If you travel far inside the one you love, into the distant continents that lie beyond the breakwaters and the ports of call, you will arrive at the outpost where the alcalde’s daughter in the red-striped shawl, having probably not yet celebrated her quinceañera, is playing the clarinet, and the other one, so old you don’t think she can do it, is playing the trumpet, both of them holding a single note so long that you can no longer tell the difference between the instruments, and then you notice beyond them Frida Kahlo, next to the adobe wall of the cantina, across the street from the cárcel, from which the prisoners at the rusted iron bars are spitting and shouting obscenities, as she leans back on two legs of the tottering wooden chair with the tassels, twirling her twin pistolas.
She will ignore you, by the way, and you’ll decide to wait till evening, thinking it makes more sense, and it’s true: there will be red slashes and parrots whose cries will wake you in the morning, and when you go back into the square, damp clouds will be hung in the jacaranda trees, and you will find the yellow shawl of Frida Kahlo, negligently thrown over the wooden chair.
But you will not find Frida Kahlo.
Here is what you will think, or here is what I thought: I have lived my life without seeing until now how the prairies are pinned inside the dense mountains. Nor did I realize that the Aztec canals with their barges were carrying me to mere templates. And stupidly I thought Frida Kahlo was a painter.
I woke from this dream sometime later. A woman had fallen from a cliff, and I fell from that woman into another woman and in the agony of cliffs, I fell, and found myself in the deep embrace of Frida Kahlo. She wrapped me in her monkey hide, stinking of the urine she used to cure it, and put me out to dry. I did penance on the shelf marked Productos de Mexico.
My love – if I may be permitted to speak so familiarly – is deep and shallow and urgent as the night lights on Death Row, as prophetic as ambergris caught in the wings of flies, and prehistory knows that it is nothing to please forget, please forget, please forget.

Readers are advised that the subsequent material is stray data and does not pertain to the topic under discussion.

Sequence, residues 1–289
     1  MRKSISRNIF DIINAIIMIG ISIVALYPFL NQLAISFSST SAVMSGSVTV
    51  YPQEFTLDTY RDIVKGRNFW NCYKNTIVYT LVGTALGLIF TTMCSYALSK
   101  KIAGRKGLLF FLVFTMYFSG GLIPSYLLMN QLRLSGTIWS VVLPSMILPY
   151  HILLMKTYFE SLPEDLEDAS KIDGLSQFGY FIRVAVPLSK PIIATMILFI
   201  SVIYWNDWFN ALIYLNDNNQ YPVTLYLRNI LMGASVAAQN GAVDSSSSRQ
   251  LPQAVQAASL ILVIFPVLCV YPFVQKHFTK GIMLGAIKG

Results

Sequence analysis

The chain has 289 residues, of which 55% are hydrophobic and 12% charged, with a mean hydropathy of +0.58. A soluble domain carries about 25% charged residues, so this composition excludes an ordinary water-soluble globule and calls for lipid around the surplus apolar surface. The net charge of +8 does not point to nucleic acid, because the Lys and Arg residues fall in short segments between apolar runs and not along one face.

And: I will be happy to take back these words in a court of law.
How was I to know how hidden the world is? Or how the hidden world is? Or how hidden she was, necessarily?
And then to find out that the juice of the female comes from her blood, and does that mean the semen of the male too comes from his blood? I think so.
And so on that night in San Francisco in 1977 in the Haight, what was my girlfriend doing at the bottom of Frida Kahlo?
And do you remember reading Lautréamont at the laundromat? We ate in that place in Chinatown with the walled-off booths like in Dostoevsky. Perhaps it’s why Yevtushenko ate there too, according to the plaque. Yet why was Frida Kahlo lurking there in the bottom of the tea glass, and when I raised my eye to yours why did I know that I was looking at you for the first and only time, and then – my crime – why did I look away? But life doesn’t really hold on to these dramas. And we know that too. And of course we know better.
But I believe the singer in the cantina anyway. Her notes are the tide I go out on.
And so I knew her and I went to her and knew what was inside her, or guessed, and no one suspected I didn’t know her at all, and now that she is dead, this is her death song, and this is her marvelous journey, and even if the desert beyond Guadalajara has lights that we decide are signals crawling out of the mountains curving down the dangerous roads, then on this day, when the sunlight is crashing into the room, we make claims for these signals too.
Or will we waste them? And anyway, she had a little bit of the cat’s soul. Is that so wrong to say? She believed in the monkey and its lack of shame. And she fought her shame using the monkeys she built out of her shame. It was brave, brave, brave. It scares me to think even a little bit honestly about it.